It is the most surefire way of defeating the virus.”
Biden infrastructure plan
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Pioneer: President Biden released his infrastructure plan this morning. Have you had a chance to look at it?
Thune: “He just released it this morning, and I haven’t had a chance to look into it. But like I said (in the earlier meeting) it needs to be focused and targeted and not just throwing money out there. I think there is bi-partisan support out there for infrastructure, there has been historically, for a more reasonable package. If you look at funding the current highway bill, you could replenish the Highway Trust Fund, you could do that for about $300 billion. You could do a significant part of the broadband component for more than that. There are a lot of things you can do that don’t include a lot of the ambitious things that the Biden administration has in it that really addresses infrastructure.”
Pioneer: The Keystone XL permit was canceled immediately upon Biden taking office. This was after Trump approved the permit, and after Obama declined to approve the permit. How is a nation, our neighbors to the north for example, or any nation for that matter, expected to make a deal with the United States if the next administration is going to reverse the policy of the previous one?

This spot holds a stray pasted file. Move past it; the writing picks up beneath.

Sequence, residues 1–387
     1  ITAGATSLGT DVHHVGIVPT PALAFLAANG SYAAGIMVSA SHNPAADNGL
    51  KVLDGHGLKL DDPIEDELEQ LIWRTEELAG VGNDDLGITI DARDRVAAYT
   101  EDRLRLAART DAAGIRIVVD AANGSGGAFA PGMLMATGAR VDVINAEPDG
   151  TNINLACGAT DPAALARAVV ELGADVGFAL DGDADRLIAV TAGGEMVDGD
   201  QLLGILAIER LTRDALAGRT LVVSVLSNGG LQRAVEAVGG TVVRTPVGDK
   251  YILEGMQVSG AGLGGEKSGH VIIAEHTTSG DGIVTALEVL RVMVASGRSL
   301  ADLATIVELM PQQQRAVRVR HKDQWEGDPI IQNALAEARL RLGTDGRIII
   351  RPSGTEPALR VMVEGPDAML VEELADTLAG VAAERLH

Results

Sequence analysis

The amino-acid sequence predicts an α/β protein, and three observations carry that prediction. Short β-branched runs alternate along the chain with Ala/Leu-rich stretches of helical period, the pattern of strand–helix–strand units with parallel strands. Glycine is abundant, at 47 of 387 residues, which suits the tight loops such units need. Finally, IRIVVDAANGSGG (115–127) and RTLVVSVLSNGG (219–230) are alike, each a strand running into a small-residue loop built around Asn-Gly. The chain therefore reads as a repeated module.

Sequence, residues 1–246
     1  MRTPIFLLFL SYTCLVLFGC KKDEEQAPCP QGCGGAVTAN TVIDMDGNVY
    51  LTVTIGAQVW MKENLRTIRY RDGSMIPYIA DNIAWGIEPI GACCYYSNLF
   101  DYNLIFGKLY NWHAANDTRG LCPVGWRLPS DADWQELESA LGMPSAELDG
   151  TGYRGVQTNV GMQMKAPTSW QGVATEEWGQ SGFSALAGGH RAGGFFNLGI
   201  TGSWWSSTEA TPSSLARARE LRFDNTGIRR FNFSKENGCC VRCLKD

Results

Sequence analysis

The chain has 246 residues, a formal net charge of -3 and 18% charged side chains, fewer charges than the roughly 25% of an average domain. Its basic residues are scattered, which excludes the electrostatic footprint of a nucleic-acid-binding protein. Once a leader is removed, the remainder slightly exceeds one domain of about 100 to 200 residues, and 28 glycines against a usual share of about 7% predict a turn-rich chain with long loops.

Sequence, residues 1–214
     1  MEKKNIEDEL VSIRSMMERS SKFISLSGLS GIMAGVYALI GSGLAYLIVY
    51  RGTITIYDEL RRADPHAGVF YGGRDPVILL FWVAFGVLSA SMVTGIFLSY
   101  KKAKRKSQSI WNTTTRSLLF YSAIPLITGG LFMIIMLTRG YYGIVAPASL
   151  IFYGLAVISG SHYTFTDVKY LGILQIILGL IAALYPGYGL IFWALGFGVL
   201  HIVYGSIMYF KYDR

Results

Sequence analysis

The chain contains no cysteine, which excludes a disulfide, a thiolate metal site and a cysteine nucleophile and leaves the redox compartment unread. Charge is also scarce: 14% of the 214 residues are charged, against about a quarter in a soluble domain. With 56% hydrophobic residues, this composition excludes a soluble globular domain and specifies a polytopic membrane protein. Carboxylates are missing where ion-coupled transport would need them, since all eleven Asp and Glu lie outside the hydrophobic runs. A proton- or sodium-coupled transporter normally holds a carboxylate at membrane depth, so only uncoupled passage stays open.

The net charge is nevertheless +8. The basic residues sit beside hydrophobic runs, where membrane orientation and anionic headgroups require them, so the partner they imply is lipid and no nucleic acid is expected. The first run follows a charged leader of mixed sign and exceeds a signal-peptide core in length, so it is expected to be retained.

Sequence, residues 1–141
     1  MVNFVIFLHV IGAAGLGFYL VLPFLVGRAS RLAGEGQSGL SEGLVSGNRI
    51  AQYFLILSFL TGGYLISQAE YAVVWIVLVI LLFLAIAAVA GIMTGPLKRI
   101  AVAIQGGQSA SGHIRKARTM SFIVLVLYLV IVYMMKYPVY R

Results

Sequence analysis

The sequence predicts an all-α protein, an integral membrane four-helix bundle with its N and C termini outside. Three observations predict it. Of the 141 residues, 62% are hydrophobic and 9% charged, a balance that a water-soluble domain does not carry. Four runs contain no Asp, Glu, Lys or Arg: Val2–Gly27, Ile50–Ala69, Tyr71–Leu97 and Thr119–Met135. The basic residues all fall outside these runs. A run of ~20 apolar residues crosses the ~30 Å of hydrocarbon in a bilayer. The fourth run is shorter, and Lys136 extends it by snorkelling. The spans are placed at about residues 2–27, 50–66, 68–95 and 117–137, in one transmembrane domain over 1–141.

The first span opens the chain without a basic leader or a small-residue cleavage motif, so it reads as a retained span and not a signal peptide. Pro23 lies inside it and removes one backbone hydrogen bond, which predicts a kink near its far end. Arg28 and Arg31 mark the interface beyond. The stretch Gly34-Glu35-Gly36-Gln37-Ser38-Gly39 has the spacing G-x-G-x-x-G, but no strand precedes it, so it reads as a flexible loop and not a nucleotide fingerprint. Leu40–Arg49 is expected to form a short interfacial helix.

Thune: “Good question. The Keystone pipeline has gone through multiple environmental assessments, and in every case has concluded that it is safer than shipping fluids on rail or truck or any other way. It’s been proven to be environmentally sound. The technology that they use. They talk a lot on the impact to water. They go under the (Missouri) River for example. The safeguards they have in place now, it is the safest, most efficient way to move oil. I am a big fan of renewables. I am, with maybe the exception of Sen. Chuck Grassley, (R-Iowa) the biggest supporter of renewable energy in Congress. But we aren’t going to meet our energy needs solely on renewable energy, at least for the foreseeable future. We have to have these traditional energy sources. And that means we have to have a way to get them to where they are needed.
I think it was a huge mistake for the president, not only for the jobs and the economic impact it has. I look at my hometown, Murdo, it runs right through the county. The school district was excited about it because it meant hundreds of thousands of dollars to keep the school district alive. The rural electric company was going to provide power for it. They not only created some construction jobs, but some permanent jobs, which we desperately need in places like that. On a lot of levels, to me, it makes sense. I’m disappointed that on Day 1, that is going to be the first thing he was going to do.”
Pioneer: Plan on seeking re-election?
Thune: “We’ll make a decision on that later this year. Right now I am focused on doing my job. In the past, I’ve figured that if you do your job well, the politics take care if themself. I think elections are too long, cost too much, and wear people out. Then everything that happens starts to be viewed through a political prism. Rather, I’m going keep focus on the work, and we’ll get to that announcement later in the year.”